According to the World Conservation Union, invasive alien species are the second most significant threat to biodiversity, after habitat loss. Most introduced species do not become permanently established in their new environment, and of those that do, most never become a problem. However, the odd introduction thrives and flourishes in their new location, and out-competes native plants and animals for food, water and space. The impact of these invasives on native ecosystems, is severe and often irreversible, and can cost billions of euro each year.


Himalayan balsam (Impatiens glandulifera) is one of these invasive terrestrial plant species. Originating in the Himalayas, it was planted as an ornamental flower in many gardens around Ireland. Indeed, when it was owned by the Aldworth family, the grounds of the James O’Keeffe Institute in Newmarket were once planted with Himalayan balsam. Since its introduction in 1839, it has spread throughout the island of Ireland.


Himalayan balsam is the tallest annual plant in Ireland (completes its life cycle in one year), and due to its rapid growth, it shades out most of our native species. This in turn reduces the food sources and nesting habitat for insect, bird and mammal species. The species is frequently found in areas of damp soil such as along the banks of watercourses, where it often forms continuous stands. In certain stretches of the river it can be the dominant plant along hundreds of metres of river bank. The plants die back in autumn, leaving the river banks devoid of vegetation and prone to excessive levels of erosion. This erosion significantly increases the level of silt getting into the river. This silt is deposited on the riverbed, which smothers fish spawning beds and habitat for species such as the Pearl mussel, Brook lamprey and Atlantic Salmon.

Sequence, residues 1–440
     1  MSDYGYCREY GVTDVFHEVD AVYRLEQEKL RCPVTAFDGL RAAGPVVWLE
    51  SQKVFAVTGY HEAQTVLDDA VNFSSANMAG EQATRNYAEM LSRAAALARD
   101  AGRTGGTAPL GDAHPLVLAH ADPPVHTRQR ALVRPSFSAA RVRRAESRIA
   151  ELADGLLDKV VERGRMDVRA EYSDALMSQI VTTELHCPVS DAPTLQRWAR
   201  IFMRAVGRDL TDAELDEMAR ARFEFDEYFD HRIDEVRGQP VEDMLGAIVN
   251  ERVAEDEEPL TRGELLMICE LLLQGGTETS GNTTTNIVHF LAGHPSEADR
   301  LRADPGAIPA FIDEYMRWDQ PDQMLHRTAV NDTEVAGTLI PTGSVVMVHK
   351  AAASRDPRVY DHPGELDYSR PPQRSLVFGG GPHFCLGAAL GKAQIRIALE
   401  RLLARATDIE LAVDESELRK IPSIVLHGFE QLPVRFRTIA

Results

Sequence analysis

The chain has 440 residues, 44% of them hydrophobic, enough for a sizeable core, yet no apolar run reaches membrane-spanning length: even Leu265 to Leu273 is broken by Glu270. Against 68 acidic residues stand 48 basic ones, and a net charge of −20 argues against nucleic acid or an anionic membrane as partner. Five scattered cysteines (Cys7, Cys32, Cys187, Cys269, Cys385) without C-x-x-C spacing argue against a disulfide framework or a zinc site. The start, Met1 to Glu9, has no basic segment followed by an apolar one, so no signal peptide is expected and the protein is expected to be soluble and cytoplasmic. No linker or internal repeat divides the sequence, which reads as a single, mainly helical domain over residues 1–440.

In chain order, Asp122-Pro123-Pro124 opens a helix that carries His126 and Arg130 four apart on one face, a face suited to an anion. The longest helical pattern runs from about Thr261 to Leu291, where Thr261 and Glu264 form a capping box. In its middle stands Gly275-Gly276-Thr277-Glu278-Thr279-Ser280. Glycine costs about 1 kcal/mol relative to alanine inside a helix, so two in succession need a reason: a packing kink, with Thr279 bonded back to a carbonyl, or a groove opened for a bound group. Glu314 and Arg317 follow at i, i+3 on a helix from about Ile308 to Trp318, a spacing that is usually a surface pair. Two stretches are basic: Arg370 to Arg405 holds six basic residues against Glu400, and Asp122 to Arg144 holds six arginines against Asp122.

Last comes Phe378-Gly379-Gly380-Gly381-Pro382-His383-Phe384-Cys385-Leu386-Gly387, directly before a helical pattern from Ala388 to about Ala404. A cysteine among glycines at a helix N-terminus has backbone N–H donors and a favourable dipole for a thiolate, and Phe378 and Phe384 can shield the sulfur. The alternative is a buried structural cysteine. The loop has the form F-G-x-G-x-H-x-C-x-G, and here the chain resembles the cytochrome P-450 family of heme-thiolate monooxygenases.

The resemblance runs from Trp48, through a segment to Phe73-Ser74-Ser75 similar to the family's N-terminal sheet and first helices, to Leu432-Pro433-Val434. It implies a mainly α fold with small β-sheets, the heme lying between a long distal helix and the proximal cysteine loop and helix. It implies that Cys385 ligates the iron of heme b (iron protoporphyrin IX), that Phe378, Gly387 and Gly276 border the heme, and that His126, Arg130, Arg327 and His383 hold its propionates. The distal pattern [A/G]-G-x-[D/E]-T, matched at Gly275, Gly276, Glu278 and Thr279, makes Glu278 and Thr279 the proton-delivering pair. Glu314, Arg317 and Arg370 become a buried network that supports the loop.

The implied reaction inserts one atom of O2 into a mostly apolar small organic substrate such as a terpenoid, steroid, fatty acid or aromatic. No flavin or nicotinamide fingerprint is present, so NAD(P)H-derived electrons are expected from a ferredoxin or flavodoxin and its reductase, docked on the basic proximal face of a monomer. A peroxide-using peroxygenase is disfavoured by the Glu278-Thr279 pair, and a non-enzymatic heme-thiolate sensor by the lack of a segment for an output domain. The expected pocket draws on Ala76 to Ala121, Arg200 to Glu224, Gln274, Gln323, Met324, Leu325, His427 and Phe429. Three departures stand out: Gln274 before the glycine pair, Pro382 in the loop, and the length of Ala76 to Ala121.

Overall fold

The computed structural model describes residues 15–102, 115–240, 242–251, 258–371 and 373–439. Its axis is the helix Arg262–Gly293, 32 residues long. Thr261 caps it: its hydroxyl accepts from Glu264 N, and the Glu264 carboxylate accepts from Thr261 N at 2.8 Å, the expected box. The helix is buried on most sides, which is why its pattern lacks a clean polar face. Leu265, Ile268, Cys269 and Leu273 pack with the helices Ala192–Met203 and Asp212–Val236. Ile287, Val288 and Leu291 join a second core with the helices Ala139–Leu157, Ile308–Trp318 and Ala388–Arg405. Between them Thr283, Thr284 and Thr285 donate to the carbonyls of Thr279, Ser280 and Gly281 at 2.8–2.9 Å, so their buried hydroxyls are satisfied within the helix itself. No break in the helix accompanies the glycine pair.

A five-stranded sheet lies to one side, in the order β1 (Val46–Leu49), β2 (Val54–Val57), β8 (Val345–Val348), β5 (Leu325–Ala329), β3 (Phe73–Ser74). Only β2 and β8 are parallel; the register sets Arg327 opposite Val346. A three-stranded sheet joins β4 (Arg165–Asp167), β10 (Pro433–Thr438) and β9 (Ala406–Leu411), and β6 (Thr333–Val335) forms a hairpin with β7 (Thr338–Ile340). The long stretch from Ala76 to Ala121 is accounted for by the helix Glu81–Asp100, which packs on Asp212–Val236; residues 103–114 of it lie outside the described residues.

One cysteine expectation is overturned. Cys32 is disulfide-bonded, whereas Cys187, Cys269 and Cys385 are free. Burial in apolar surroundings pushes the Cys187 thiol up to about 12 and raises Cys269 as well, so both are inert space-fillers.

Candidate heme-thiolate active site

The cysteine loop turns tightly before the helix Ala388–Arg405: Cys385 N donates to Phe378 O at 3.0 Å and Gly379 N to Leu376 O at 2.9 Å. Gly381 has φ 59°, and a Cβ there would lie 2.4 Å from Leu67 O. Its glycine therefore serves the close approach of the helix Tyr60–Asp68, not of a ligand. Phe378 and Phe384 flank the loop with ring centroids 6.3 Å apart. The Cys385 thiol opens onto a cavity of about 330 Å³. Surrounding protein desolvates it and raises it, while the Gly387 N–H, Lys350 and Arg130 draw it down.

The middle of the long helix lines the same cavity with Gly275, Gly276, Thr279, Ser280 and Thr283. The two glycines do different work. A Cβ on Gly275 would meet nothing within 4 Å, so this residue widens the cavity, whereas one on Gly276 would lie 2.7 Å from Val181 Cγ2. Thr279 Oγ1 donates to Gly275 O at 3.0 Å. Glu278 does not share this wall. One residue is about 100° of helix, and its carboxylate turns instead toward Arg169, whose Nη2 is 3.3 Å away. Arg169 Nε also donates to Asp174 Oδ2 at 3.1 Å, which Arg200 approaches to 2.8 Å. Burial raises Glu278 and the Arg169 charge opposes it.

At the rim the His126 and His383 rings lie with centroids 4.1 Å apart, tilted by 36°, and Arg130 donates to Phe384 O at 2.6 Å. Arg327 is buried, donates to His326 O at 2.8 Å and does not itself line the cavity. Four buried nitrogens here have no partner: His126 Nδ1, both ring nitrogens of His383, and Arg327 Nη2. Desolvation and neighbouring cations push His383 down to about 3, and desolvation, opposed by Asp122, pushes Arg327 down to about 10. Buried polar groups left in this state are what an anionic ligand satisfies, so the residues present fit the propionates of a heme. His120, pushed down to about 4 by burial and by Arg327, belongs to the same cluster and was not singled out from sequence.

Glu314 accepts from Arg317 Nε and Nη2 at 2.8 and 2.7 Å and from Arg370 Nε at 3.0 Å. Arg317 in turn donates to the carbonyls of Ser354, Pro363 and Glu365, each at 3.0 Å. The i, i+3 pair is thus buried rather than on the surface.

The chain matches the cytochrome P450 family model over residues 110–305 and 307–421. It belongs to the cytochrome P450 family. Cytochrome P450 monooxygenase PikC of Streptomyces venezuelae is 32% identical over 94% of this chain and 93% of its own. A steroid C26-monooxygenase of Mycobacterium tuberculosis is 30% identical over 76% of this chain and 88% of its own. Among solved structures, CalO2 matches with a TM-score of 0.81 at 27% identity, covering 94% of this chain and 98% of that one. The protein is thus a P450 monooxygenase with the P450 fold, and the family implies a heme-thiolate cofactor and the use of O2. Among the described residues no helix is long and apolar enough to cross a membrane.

The riverbank is part of the riparian zone, which is very important for both land and aquatic life. A variety of mammals, like the European Otter, use the river to fish for food and construct holts in the scrub in or adjacent to the riparian zone. Trees and exposed river banks in this zone provide nesting habitat for birds like the Kingfisher, Dipper and Sand martin. Many insect species, such as the mayfly, have a life cycle that is part aquatic and part terrestrial, and are only found in the riparian zone. Insects in turn are food for other species, both those found in and out of the water, for example the diet of the Atlantic salmon is largely composed of insects from the terrestrial environment.


The RaptorLIFE project is providing a coordinated response to controlling Himalayan balsam along 126 kilometres of river, with the long term aim of eradicating it from the Upper Blackwater Catchment. As part of our conservation work we are committed to removing invasive plants to improve river life, and to conserve our natural flora and fauna. Thanks to the dedicated work from our Rural Social Scheme and Tús participants, enthusiastic volunteers, and diligent local anglers, Himalayan balsam has already been tackled along 35km of riverbank within the Duhallow region. While the plant has nearly been eradicated from the Allow catchment, annual monitoring of the Allow riverbanks is ongoing as seeds from the flower are still viable after two years in the soil. Buoyed by our success, we are now committed to eradicating Himalayan balsam from the upper reaches of the Blackwater River. This work is now in full swing, and will continue over the remaining summer months.  


The RaptorLIFE team appeals to all landowners to contact us on 029 60633 if they have either Himalayan Balsam or Knotweed on their property. These invasive plants can devaluate properties, cause bank erosion, and create problems for the environment.


Further information;

  • Biodiversity Ireland

  • Invasive Species Ireland

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